The route turned out to be 75% road, which initially peeved me. By the time we’d done half the ride my legs were feeling the pace of the day before and were completely happy with less gravel. I found myself back at the pub and sought out the dessert menu. Nutella and brioche bread and butter pudding – the best group of words in the English language. Well, they were that day.


    I had to eat a spoonful before I took the photo – sorry


    Taking a moment to capture the New Forest vibe in the run in of the last few miles on Sunday

    A big thank you to the organisers - especially +Grainne - your club email says special events and this was special. Where to next?

  • 22/05/2025 – Hidden treasures

    Riding 28 miles to and from the start of a long ride might seem a bit much. I thought nothing of it at 7.30am as I headed south towards the Herne Hill Velodrome for the 67-mile Southern Grit gravel event. I thought nothing of it because I was wrestling with a bigger challenge. I’d had little sleep after hosting a 12-person dinner party with after dinner karaoke which went on to the small hours. Oops.


    My set up - tool keg and burrito bag - the bike was better prepped than I was

    For the record, the ride was in my calendar long before the dinner party, but sometimes there’s only one day that all your mates are free and it’s the night before a big ride. I really wanted to ride some new trails and this seemed like a great opportunity.

    We were greeted at HHV with coffee and croissants and I was quickly befriended by a fellow Mason rider, Mark. We chatted about our different builds, as you do, and I found out that he was both local and knew the organiser, Charlie from Hidden Tracks. I decided to fall in with his small group, reckoning his local knowledge would be handy. I wasn’t confident my karaoked brain and body would keep pace, but Mark, Nick and Sunil were all friendly and riding at sensible speeds for me.


    Mason man Mark - who is a coach at HHV

    Instantly I could see why Charlie had named his company Hidden Tracks; many of the trails were hard to spot and easily missed. After 8 miles with our cheerful group, my aging prostate was nagging for release. Mark had what looked like a minor mechanical, so while he fettled, I found a handy bush. I got going, but never found this friendly group again. I assumed there were ahead of me, but I guess the mechanical was more serious that I’d thought. Oops.


    A strong group of Penge riders (I couldn't keep up with) featured someone with a single-speed MTB

    We came through two (maybe three) golf courses, an airfield and a racecourse. There were some challenging climbs as we headed south through the Epsom Downs. I wanted a good vista for all this effort and was finally rewarded with some truly stunning views near Margery Wood.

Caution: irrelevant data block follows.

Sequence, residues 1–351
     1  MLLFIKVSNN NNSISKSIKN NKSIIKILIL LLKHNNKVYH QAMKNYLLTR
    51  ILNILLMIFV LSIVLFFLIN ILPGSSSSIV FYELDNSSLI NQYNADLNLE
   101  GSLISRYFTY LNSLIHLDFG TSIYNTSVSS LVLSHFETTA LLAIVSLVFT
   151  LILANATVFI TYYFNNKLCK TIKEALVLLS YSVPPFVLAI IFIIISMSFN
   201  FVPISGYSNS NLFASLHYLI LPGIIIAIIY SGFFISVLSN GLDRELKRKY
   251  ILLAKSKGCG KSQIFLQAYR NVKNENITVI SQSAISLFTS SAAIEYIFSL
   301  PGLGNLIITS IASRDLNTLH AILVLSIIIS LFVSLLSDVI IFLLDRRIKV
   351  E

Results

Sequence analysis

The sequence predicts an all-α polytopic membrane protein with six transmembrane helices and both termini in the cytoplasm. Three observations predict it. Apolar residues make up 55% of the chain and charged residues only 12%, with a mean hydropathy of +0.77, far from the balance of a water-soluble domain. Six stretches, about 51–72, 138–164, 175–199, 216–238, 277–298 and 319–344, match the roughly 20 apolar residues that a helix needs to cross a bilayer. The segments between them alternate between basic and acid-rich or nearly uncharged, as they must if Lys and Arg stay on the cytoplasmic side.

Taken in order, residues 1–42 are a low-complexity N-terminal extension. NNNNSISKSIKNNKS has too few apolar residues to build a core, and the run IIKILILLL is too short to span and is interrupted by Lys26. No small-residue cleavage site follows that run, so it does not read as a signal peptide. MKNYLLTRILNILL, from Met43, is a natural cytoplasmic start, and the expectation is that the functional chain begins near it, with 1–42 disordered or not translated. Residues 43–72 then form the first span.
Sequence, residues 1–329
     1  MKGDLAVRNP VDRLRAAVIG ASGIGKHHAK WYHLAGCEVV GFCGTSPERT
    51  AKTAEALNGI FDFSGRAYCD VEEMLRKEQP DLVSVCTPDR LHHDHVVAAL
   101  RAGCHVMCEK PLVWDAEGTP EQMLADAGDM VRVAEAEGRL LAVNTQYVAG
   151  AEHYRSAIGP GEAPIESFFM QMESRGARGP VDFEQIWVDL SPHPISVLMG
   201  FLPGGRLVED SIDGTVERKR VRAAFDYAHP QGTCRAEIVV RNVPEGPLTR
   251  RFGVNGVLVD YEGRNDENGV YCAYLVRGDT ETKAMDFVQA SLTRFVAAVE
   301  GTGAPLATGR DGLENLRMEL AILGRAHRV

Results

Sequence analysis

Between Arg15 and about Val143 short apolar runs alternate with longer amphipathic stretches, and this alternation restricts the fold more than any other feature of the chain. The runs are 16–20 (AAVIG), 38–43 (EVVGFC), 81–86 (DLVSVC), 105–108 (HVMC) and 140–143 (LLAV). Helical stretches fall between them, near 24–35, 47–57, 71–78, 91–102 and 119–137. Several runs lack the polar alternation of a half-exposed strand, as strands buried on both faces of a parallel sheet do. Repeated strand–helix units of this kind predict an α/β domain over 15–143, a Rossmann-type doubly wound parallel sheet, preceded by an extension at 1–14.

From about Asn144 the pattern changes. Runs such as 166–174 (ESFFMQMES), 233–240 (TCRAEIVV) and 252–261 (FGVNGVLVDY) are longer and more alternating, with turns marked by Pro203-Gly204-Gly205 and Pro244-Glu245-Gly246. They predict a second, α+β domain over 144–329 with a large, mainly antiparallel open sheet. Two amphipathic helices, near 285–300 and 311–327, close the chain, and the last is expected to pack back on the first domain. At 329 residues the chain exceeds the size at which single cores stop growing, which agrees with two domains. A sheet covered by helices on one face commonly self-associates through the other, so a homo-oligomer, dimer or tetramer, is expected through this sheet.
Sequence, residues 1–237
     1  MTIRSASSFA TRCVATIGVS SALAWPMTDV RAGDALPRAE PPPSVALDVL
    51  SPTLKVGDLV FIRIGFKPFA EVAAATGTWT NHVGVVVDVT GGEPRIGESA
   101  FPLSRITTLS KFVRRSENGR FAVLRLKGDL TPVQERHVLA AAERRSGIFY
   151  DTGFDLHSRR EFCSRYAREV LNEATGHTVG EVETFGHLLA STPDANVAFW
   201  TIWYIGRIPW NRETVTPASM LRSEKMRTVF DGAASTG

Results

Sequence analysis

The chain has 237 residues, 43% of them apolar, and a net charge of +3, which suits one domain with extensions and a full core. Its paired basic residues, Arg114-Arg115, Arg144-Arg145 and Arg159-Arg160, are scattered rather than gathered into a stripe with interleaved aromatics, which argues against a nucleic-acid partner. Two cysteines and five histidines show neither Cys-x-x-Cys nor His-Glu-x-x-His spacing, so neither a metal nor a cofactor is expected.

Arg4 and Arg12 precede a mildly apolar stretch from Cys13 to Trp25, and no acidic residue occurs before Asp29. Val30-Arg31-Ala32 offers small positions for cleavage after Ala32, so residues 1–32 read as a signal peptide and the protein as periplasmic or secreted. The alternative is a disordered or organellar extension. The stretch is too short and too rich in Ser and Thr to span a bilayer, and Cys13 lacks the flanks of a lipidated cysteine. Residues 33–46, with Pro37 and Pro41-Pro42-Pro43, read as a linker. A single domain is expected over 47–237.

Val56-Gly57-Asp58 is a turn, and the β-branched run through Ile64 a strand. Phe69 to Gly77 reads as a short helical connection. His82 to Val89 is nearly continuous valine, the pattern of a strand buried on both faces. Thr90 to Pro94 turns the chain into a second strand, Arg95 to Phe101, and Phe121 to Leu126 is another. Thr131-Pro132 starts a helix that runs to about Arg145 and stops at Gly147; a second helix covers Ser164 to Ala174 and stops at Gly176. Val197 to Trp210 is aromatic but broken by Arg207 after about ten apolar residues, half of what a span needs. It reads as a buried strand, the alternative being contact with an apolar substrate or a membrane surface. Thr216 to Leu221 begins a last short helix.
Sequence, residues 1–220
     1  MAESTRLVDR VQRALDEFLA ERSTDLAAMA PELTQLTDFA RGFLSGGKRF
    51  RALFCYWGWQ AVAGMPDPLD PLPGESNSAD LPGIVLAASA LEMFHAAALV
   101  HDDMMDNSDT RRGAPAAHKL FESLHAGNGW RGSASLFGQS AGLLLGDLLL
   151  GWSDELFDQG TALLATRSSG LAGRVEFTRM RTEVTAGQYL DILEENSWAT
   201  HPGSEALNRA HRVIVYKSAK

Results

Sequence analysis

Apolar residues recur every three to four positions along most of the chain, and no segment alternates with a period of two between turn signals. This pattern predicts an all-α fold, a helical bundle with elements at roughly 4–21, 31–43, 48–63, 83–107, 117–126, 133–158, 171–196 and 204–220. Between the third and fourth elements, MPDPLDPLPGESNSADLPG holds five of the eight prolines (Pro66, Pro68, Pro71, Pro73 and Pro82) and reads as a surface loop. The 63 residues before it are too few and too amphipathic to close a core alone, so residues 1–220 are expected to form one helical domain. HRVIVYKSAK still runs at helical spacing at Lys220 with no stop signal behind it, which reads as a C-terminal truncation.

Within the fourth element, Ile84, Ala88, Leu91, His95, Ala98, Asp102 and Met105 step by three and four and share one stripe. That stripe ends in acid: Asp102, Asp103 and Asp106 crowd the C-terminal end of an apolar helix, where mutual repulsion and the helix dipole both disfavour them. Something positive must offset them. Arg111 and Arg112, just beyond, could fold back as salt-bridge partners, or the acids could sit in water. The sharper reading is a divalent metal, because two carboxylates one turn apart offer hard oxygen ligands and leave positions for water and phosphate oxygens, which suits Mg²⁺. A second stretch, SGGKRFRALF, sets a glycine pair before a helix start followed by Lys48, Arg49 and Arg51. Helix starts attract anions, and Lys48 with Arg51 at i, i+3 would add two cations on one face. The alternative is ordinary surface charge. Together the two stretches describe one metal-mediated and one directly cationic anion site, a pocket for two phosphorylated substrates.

Yours truly somewhat elated to have a view to enjoy

    Another form of elation!

    On we went and I freelanced through a variety of groups to the rest stop at Redhill Cycling Club, where a full table of snacks was laid on. This included fig rolls, water melon, blocks of cheese, “prawn” soft sweets and also “brain” sweets. The brains were apparently plentiful as prawn were the preferred choice. There was a kitchen doing some paid for cooked food, but I passed this up. Probably a mistake on reflection. Bars and gels and sweets and all that can start to get indigestible. Real food is needed at some point for me.

    The brains were just above the bananas

    For the remainder of the ride I kept catching up with or getting overtaken by two pairs of riders. Sometimes we even rode together. One pair were on well-appointed mountain bikes. I was a little jealous on a few of the sections that were a bit, shall I say, agricultural.

    Totally rideable... Not!

    Aside from a few muddy moments, the return leg started off pretty flat and mellow. This all changed after 10 miles as we hit several sharp climbs over the next 10 miles. Of course we needed to get back over the North Downs. I’d been trying to block that thought out.

    Inevitably my hankering for real food got the better of me. I found a small supermarket in Hamsey Green and picked up a chicken wrap and a Lucozade. It was eight hours since breakfast. Another oops. My body instantly felt a bit more appreciated and I ploughed on with another 25 miles to go - plus the 14 to home, but I blocked that out for now.

    I was wrung out, but managed to stay chilled out. It wasn’t a race, it wasn’t even timed. It was a ride and a ride through pretty trails. I tried to keep my focus on taking in my surroundings and that pretty much got me back to Herne Hill. But it did feel like my bike was getting a pound heavier with every passing mile.

    Coming back into London it didn’t feel very urban until the last two or three miles coming through Dulwich. Charlie’s course had kept us to hidden tracks for an impressively long time. We were welcomed back to the velodrome with some wood fire pizza and IPA and a women’s race warming up on the track to watch as riders chilled out and stretched out.


    I can't tell how good this tasted washed down by a brew

    And finally...

    My karaoke song list from Saturday:
    Saint in the City - Bruce Springsteen
    Peace Frog - The Doors
    The Piano Has Been Drinking - Tom Waits
    Don't You Want Me - Human League

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The View From Here - a blog